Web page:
Mantophasmatodea are wingless even as adults, making them relatively difficult to identify. They resemble a cross between praying mantids and phasmids, and molecular evidence indicates that they are most closely related to the equally enigmatic group Grylloblattodea.[4][5] Initially, the gladiators were described from old museum specimens that originally were found in Namibia (Mantophasma zephyrum) and Tanzania (M. subsolanum), and from a 45-million-year-old specimen of Baltic amber (Raptophasma kerneggeri).

Live specimens were found in Namibia by an international expedition in early 2002; Tyrannophasma gladiator was found on the Brandberg Massif, and Mantophasma zephyrum was found on the Erongoberg Massif.[8]

Since then, a number of new genera and species have been discovered, the most recent being two new genera, Kuboesphasma and Minutophasma, each with a single species, described from Richtersveld in South Africa in 2018.[9]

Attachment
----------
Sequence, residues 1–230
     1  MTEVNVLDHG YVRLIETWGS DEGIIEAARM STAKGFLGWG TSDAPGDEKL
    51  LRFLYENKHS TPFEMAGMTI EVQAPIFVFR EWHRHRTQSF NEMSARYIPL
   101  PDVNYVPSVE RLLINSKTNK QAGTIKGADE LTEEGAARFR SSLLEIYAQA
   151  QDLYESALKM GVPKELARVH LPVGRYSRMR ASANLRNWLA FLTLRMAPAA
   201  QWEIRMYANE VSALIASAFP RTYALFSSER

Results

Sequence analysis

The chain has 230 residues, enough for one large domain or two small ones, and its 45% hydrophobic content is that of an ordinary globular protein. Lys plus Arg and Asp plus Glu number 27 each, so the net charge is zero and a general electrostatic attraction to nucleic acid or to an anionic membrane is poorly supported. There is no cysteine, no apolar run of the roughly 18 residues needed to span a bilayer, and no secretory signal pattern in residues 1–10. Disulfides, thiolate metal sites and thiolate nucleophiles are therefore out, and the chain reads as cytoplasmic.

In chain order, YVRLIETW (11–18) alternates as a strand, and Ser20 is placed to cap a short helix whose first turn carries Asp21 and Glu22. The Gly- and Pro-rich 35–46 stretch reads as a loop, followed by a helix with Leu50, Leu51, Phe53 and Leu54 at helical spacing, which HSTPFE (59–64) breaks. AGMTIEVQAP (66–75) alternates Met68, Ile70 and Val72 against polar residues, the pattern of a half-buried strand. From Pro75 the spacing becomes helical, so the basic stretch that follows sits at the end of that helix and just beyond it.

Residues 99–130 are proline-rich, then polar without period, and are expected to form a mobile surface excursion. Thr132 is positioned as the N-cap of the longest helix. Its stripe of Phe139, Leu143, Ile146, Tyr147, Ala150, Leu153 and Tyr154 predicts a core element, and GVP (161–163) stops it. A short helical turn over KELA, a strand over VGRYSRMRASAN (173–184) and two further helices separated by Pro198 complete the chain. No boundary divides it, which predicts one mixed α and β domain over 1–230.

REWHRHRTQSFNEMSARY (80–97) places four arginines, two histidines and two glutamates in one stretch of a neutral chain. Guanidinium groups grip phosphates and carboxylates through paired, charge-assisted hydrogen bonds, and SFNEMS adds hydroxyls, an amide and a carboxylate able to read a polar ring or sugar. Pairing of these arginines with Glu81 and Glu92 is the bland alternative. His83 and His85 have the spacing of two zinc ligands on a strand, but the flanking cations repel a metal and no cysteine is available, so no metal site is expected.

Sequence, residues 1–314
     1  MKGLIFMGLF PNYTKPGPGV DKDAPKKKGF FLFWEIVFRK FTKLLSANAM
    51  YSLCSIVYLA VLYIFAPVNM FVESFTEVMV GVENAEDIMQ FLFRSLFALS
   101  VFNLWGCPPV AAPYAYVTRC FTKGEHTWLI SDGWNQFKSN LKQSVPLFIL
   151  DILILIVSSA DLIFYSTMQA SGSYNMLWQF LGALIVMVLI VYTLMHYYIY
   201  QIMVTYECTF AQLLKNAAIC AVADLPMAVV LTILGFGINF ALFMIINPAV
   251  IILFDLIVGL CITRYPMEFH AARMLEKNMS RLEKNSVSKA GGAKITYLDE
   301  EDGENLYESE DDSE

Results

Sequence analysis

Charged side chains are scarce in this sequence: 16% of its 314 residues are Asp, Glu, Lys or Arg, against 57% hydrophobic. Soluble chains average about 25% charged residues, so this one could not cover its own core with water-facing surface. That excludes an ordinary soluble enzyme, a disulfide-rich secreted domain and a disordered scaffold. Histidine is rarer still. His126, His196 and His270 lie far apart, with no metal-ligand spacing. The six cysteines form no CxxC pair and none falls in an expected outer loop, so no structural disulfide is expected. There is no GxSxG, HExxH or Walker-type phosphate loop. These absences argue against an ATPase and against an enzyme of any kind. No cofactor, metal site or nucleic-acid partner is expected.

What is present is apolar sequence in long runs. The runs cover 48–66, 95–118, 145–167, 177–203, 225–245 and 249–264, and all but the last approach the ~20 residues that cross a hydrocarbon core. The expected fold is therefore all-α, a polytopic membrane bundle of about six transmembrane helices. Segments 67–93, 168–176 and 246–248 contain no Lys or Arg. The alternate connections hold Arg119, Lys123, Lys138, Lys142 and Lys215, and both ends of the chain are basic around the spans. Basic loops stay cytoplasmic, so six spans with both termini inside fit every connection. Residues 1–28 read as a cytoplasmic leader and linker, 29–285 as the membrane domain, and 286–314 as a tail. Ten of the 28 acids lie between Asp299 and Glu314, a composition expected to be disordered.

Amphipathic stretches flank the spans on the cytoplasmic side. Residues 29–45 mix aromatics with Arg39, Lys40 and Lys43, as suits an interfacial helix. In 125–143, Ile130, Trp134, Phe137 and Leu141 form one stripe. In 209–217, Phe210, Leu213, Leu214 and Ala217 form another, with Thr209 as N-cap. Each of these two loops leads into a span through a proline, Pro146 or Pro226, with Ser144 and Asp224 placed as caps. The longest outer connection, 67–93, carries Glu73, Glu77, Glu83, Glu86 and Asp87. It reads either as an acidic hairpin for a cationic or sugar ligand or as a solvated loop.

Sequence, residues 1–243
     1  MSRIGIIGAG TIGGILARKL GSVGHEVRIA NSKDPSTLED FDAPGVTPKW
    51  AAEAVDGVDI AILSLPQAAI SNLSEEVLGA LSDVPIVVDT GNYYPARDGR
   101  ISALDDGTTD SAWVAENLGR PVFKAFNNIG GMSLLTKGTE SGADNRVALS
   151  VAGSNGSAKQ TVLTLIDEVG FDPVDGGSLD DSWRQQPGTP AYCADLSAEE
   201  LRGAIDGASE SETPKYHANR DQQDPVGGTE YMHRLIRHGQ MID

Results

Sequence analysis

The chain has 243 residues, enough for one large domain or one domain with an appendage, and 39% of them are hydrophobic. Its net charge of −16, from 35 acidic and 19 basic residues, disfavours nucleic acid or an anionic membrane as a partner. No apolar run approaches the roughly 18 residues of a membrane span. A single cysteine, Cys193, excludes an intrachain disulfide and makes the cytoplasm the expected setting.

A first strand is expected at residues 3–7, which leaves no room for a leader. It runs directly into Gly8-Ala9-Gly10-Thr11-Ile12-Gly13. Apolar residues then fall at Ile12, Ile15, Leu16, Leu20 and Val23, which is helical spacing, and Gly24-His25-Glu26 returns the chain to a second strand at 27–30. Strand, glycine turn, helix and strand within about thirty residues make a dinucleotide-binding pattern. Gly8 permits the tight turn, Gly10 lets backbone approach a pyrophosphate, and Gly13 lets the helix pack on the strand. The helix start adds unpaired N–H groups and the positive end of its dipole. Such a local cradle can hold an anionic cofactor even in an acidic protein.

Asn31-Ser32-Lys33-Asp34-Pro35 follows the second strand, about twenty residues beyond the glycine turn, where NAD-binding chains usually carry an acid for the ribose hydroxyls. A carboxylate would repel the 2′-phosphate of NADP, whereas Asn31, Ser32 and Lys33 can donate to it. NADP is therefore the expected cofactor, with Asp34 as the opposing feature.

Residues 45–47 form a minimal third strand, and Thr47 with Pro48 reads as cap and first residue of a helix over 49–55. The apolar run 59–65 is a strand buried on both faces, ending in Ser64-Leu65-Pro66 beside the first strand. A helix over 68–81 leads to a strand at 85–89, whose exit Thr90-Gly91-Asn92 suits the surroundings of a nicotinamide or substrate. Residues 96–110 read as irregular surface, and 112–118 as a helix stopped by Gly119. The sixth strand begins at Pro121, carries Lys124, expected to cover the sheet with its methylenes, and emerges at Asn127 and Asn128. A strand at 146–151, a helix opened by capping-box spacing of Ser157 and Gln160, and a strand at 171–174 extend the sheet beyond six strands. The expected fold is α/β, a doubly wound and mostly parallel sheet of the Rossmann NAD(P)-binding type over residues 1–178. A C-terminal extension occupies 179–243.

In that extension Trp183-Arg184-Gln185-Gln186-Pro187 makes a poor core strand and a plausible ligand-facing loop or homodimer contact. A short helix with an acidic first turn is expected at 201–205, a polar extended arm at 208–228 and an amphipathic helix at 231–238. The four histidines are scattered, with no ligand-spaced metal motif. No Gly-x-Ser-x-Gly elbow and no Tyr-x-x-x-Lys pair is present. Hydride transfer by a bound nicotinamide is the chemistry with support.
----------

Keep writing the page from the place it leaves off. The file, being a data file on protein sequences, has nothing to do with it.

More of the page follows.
Biology

Mantophasmatids are wingless carnivores. During courtship, they communicate using vibrations transmitted through the ground or substrate.[10]

Classification

The most recent classification[9] recognizes numerous genera, including fossils:

Some taxonomists assign full family status to the subfamilies and tribes, and sub-ordinal status to the family. In total there are 21 extant species described.[9]

See also

References

  1. ^ a b Arillo, A. & M. Engel (2006) Rock Crawlers in Baltic Amber (Notoptera: Mantophasmatodea). American Museum Novitates 3539:1-10
  2. ^ K.-D. Klass, O. Zompro, N.P. Kristensen, J. Adis. Mantophasmatodea: a new insect order with extant members in the afrotropics Science, 296 (2002), pp. 1456–1459
  3. ^ Adis, J., O. Zompro, E. Moombolah-Goagoses, and E. Marais. 2002. Gladiators: A new order of insect. Scientific American 287:60-65.
  4. ^ a b Terry, M.D., and M.F. Whiting. 2005. Mantophasmatodea and phylogeny of the lower neopterous insects. Cladistics 21(3): 240–257.
  5. ^ a b S. L. Cameron, S. C. Barker & M. F. Whiting (2006). "Mitochondrial genomics and the new insect order Mantophasmatodea". Molecular Phylogenetics and Evolution. 38 (1): 274–279. doi:10.1016/j.ympev.2005.09.020. PMID 16321547.